Tahini cookies

February 1, 2010

If you like tahini, you’ll love these cookies. I don’t feel as if I should even have to write that sentence, since as far as I’m concerned tahini is one of the most delicious substances known to man and no opportunity to eat it should ever be missed, but people do exist who do not like it. I know, because I had dinner with one of them on Saturday night and she declared a houmous to be ‘too tahini-y’.

So, assuming that everyone who’s still reading likes tahini (chances are if you don’t you didn’t even get past the title of this post), these cookies are amazing. Sweet, but with that ethereal, nutty sesame taste that always makes me want to keep on eating something. They’re a great coffee or tea biscuit – crunchy, a little bit crumbly but not too much, with a bit of chew in the centre. There’s a handful of walnuts in there too, for interest, though I think you could easily leave them out. Or maybe substitute them for sultanas or chopped pistachios – I’m thinking the biscuit equivalent of halva here.

While we’ve got the tahini jar out, I thought I’d mention a few of the other things that I like to do with it. None of them are really recipes so much as ideas, but they’re worth knowing about if you’re tired of houmous and  cookies (seems unlikely, I know but…) and you’re wondering what else to do with that brown-cream sludge in your fridge.

1. On toast: tahini is a great topping for toast. It has that sort of unctuous mouth-coating quality that peanut butter has and goes well with tomatoes, for a savoury version, or try it with molasses or honey for something sweet.

2. In a similar vein, a spoonful of tahini and a spoonful of honey in thick plain yoghurt is a simple but delicious pudding, or indeed breakfast.

3. In ice-cream: semi-defrost a tub of vanilla ice-cream until soft and beat in 2 tablespoons tahini. Put it back in the freezer. Voila, tahini ice-cream!

4. Tahini sauce: mix 150ml tahini with a couple of cloves of crushed garlic and a couple of spoonfuls of lemon juice and thin with water to a pourable consistency. Add more lemon juice to taste and more water as necessary – thinner makes a good salad dressing, thicker makes a good sauce for meat or fish. We had it last week over cod – just warm it slightly over the fish when it’s almost done. A good healthy tasty dinner.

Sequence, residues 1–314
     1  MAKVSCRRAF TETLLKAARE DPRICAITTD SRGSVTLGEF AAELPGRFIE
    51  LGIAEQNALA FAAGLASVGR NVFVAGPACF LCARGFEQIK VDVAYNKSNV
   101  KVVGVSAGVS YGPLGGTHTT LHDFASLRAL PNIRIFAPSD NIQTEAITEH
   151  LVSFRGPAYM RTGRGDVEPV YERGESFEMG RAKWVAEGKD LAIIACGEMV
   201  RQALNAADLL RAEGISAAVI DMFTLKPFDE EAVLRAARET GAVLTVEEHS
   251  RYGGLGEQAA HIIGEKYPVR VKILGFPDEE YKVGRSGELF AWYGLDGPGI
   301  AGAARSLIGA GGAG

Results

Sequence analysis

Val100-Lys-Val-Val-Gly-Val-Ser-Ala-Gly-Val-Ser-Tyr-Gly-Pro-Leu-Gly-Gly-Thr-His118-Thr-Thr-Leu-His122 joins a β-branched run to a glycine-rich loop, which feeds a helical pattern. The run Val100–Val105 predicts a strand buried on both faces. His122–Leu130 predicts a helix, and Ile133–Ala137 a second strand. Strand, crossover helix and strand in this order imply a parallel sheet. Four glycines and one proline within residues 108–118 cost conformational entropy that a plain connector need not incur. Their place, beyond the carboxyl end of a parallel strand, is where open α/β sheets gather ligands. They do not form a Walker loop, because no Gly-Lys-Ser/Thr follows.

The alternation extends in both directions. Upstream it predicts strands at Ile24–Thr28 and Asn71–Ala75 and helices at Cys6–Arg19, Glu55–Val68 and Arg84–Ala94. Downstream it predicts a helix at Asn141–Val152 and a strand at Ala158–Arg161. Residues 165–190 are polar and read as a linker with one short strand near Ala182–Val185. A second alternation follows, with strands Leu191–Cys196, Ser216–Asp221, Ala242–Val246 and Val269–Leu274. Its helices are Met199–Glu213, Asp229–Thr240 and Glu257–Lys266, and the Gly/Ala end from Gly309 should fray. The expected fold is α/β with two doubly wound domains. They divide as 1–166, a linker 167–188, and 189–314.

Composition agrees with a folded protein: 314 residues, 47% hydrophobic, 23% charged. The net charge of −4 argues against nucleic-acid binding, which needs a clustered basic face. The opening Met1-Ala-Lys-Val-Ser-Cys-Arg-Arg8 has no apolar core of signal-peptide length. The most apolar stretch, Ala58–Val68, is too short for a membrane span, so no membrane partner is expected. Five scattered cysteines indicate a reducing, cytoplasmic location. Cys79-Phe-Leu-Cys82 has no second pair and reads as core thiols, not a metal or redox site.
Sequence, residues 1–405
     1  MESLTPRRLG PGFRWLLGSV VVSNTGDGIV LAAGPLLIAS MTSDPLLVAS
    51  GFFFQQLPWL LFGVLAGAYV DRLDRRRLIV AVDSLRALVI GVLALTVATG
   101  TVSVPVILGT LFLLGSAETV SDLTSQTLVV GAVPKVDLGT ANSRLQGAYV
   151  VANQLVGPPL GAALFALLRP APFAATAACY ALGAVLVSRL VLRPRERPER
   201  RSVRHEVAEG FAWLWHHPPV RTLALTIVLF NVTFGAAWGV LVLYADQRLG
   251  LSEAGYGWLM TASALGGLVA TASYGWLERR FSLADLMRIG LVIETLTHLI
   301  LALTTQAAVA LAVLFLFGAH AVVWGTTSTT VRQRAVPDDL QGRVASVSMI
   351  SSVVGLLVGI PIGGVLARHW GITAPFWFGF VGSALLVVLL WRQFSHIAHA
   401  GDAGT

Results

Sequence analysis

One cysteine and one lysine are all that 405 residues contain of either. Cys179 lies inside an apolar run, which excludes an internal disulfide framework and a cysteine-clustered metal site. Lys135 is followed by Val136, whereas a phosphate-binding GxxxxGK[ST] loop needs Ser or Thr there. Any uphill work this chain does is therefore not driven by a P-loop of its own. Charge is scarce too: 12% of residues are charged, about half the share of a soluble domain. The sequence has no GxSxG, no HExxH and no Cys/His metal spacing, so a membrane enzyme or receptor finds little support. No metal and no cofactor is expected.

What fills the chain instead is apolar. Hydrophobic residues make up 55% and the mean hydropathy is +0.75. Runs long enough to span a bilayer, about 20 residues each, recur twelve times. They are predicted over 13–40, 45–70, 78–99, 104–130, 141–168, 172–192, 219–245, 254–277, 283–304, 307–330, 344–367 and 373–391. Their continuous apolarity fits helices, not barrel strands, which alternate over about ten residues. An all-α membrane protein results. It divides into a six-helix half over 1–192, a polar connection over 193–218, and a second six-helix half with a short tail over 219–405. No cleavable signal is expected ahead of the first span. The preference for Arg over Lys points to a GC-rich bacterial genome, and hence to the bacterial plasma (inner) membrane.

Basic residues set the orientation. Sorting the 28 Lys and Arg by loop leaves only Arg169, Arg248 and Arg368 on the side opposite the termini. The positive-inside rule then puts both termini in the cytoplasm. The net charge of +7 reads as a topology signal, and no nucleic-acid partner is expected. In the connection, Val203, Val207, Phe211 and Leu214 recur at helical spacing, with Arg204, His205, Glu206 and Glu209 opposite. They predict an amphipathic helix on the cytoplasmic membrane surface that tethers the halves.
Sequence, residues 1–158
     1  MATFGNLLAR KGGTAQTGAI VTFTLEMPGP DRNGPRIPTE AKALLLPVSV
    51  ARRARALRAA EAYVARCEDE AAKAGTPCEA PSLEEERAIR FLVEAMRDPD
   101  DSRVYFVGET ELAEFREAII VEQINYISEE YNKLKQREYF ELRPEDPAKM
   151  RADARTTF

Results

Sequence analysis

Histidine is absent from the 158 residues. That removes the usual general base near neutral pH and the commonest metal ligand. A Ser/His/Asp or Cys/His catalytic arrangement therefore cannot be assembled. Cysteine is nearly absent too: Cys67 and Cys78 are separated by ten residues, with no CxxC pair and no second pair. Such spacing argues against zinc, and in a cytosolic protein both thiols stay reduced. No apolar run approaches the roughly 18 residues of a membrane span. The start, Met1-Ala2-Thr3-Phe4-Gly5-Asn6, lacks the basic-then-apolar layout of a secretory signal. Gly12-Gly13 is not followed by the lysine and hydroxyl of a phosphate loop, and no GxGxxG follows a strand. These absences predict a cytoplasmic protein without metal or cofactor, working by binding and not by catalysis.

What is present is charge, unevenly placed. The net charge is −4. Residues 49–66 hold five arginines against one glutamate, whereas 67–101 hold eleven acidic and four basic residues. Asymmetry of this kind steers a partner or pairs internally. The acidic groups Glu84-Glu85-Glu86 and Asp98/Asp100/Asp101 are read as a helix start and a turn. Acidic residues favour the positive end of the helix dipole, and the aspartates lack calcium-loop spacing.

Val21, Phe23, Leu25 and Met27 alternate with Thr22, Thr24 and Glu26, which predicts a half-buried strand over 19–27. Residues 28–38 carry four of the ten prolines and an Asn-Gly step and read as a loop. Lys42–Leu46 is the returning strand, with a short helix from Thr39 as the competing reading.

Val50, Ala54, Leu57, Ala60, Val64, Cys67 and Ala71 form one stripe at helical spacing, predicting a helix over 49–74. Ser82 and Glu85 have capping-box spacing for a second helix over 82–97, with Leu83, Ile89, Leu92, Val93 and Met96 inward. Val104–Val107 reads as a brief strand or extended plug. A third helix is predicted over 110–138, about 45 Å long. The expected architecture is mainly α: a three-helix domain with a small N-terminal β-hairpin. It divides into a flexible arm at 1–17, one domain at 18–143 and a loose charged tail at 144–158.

Tahini cookies  Makes 24

50g butter
150g tahini
120g caster sugar
50g soft dark brown sugar
1 egg
190g plain flour
1 level tsp baking powder
145g walnuts, chopped

Heat the oven to 180c. Cream the butter, both sugars and tahini together until light and fully blended. Add the egg and beat well.

Sift the flour, baking powder and salt into the same bowl and fold into the tahini mixture, along with the walnuts.

Shape small portions of dough into walnut-sized balls – it may seem a little crumbly, but don’t worry, it will become more malleable as you handle it. Flatten each ball slightly with the palm of one hand and place on a couple of greased baking trays.

Bake for 15 minutes, or until golden brown and firm at the edges. Leave on the baking trays to cool for 5 minutes and then transfer to a wire rack.

Adapted from Tess Mallos’ ‘The Complete Middle East Cookbook’.

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2 Responses to “Tahini cookies”


  1. […] the dressing here, I used tahini (see this post) to save making the aioli used in the book, but you could use any sort of dressing you like […]


  2. […] you see, refers to tahini, one of my favouritest things. I even wrote a whole post on the subject way back here. Dan says that the fudginess-making qualities of tahini mean that you can reduce the butter content […]


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